A Microsoft Exchange saga: How is ESET Technology protecting business customers post-exploitation?
The global scale of the recent Exchange server attacks deserves the designation “saga.” The fallout, resulting in data theft and further malware deployment, has likely led to intensive changes in security protocols at thousands of institutions, and will surely be felt for a long time.
In an update to ESET’s original research piece detailing the global impact of the attacks, ESET’s telemetry picked up almost 27,000 attack attempts via webshells against around 5,500 unique servers:
Along with our well-received research into advanced persistent threat groups leveraging the Exchange vulnerabilities, ESET has set out to provide proactive advice via its Knowledgebase and a Customer Advisory. As the saga moves forward and we continue to compile and analyze data from the networks we protect, we would like to share how our cloud sandbox technology, ESET Dynamic Threat Defense (EDTD), and our endpoint detection and response solution, ESET Enterprise Inspector (EEI), offer protection to our clients.
With respect to malicious files, EDTD not only handles executables (as is the case with ESET LiveGrid®) but also documents, scripts, installers and other file types commonly used to deliver threats. As such, the technology gives greater visibility into, and protection against, various threat types. Leveraging EDTD in combination with endpoint security – all of which is backed by our core detection technologies – brings a multi-layered approach to the table that significantly increases the likelihood an attack is automatically detected.
Looking closely at the samples related to the exploitation of Exchange servers, ESET has seen that some of the post-compromise attack components, for example, the loaders for the PlugX RAT (also known as Korplug), are being detected by EDTD when the most sensitive detection threshold – Suspicious – is applied. The same applies to the Cobalt Strike-related components.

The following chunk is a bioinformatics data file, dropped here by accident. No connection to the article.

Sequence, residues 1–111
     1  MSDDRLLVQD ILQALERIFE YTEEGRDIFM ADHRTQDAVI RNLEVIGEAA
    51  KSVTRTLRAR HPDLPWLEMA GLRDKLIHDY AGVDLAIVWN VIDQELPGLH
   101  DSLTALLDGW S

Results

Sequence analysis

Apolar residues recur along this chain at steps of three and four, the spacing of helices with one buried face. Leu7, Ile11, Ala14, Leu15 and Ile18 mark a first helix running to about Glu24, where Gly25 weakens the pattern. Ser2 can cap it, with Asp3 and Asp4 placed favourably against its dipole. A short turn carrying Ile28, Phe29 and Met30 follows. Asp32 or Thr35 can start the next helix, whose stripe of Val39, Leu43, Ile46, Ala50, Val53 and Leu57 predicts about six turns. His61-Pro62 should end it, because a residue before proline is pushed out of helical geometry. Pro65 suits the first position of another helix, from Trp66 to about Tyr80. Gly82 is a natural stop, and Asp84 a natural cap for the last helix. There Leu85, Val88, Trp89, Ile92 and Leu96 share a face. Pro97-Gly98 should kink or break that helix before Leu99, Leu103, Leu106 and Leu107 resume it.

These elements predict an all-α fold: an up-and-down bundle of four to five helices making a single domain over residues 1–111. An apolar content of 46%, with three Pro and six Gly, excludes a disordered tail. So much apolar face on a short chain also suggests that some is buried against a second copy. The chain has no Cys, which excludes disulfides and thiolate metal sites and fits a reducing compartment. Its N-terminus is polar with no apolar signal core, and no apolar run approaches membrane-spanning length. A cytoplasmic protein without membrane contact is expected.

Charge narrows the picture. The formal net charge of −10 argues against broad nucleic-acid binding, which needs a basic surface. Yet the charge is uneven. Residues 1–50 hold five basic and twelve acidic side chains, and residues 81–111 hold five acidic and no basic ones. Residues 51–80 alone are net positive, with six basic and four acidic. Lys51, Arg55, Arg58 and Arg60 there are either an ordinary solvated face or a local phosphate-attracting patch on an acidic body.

These kinds of detections also trigger alerts in the ESET Lab, where our researchers are actively monitoring EDTD detection data. The knowledge gained from malware analysis of these samples can then be applied further as we investigate possible intrusion vectors and remediation. With respect to post-compromise investigation and monitoring of servers, security operations center teams can use ESET Enterprise Inspector to address what amounts to a global challenge.
From the point of view of EEI’s rule set, the current modus operandi of the attackers can be fairly generic, meaning that creating a rule that detects such generic activity – even though possibly malicious – might cause a high number of false positives. For example, it is quite normal for w3wp.exe – the IIS worker process – to execute cmd.exe and powershell.exe, meaning that a rule monitoring this event would flood EEI’s dashboard with false positives.
However, ESET security teams have investigated how EEI faces up against malicious activity following the exploitation of Exchange. Our findings suggest that EEI deployed on exploited servers can cut investigation time by at least 80%.
EEI can not only shorten the time for investigation, but also show the path of attack. Critically, the security admin at EEI’s dashboard would have data at hand to see what was happening, when and where, which is a significant help in identifying and cleaning up malware, as well as providing for the overall security of compromised email servers.
Please follow our blog where ESET will share additional information to help customers return to normal operations following the extensive global exploitation of Exchange.